You will often hear agile teams talking about breaking product backlog items (PBI’s) down into tasks (or “sub-tasks”) but what is a task and what is the difference between a task and a product backlog item?
A useful way to think about tasks is to see them as the smallest unit of work that a team will undertake. A typical PBI (e.g. a user story) might be broken down into design, coding, testing and documentation tasks. Breaking work down in this way allows a cross-functional team to work on several tasks in parallel in order to complete the PBI collaboratively as a team.
Breaking down work into tasks also helps deliver PBI’s in an iterative and incremental way with teams often aiming to deliver a completed PBI in 1-3 days. That being the case, tasks as smaller slices, can typically be delivered within hours.
What is the difference between a task and a PBI?
Several tasks would usually need to be completed in order to produce a finished PBI. A useful way to differentiate between a task and a PBI is perhaps to think of a PBI as describing some completed functionality that will be executed by a user when using a system, and a task as describing how the development team will complete the work – the what (PBI) and the how (the tasks).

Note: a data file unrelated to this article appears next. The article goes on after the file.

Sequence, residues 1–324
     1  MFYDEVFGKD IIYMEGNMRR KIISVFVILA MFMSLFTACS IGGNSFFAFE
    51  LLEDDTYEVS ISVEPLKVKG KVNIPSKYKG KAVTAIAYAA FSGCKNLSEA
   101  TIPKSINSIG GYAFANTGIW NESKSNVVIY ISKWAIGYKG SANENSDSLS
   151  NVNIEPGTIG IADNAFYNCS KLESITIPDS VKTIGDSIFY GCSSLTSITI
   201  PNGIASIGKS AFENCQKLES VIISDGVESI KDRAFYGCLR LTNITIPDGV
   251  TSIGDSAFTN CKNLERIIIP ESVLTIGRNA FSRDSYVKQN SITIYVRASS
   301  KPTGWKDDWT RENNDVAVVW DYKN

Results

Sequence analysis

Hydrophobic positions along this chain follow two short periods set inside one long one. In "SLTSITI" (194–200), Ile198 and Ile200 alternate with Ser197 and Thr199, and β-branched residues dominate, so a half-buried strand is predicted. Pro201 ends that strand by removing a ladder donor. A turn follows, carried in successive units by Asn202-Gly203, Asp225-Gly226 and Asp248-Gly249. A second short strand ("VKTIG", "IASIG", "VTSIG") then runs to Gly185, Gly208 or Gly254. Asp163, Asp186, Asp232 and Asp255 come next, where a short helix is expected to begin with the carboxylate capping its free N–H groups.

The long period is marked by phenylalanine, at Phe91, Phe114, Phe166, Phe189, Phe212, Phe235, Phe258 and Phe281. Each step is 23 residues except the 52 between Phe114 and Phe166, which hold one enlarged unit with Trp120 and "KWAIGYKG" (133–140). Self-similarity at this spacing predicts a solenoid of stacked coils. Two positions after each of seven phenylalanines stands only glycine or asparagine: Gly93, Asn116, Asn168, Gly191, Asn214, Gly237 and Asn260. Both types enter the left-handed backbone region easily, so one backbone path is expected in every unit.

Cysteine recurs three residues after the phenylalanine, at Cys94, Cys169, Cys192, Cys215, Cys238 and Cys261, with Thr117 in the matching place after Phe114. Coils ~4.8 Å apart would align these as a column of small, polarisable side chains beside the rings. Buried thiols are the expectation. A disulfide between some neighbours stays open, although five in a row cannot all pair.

So, a PBI would typically involve multiple types of work done by different people whilst a task would tend to be one type of work done by one person.
Why use tasks?
Tasks help to make progress visible, for example on a Kanban board. As it is the tasks that usually move along a Kanban board, they visually represent the flow of work through a system. This helps teams identify bottlenecks in their process and make visible any work that hasn’t yet been started so that the team can ask why that is.
Although the Scrum Guide doesn’t specifically refer to tasks, it does say: “Work planned for the first days of the Sprint by the Development Team is decomposed, often to units of one day or less.” Defining these small units of work as tasks and limiting them to a day or less can help developers create flow with focused, uninterrupted time.
Agile teams will often create a set of common tasks, a template, for PBI’s that they then use to speed up task creation for each PBI. The template is used as a starting point with unnecessary tasks then removed as seen fit. A bit like applying a definition of done – not every item will apply to every story but it’s a good place to start.